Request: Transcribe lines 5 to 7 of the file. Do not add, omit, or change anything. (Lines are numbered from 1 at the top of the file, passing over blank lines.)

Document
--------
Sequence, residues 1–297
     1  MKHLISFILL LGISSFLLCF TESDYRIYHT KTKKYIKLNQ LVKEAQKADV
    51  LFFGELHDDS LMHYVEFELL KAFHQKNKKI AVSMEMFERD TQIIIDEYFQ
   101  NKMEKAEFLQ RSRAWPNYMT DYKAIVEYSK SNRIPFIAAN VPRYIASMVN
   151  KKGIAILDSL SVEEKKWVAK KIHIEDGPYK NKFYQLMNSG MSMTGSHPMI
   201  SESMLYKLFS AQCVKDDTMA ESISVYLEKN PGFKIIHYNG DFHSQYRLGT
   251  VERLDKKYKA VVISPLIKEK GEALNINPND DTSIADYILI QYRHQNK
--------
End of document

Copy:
   151  KKGIAILDSL SVEEKKWVAK KIHIEDGPYK NKFYQLMNSG MSMTGSHPMI
   201  SESMLYKLFS AQCVKDDTMA ESISVYLEKN PGFKIIHYNG DFHSQYRLGT
   251  VERLDKKYKA VVISPLIKEK GEALNINPND DTSIADYILI QYRHQNK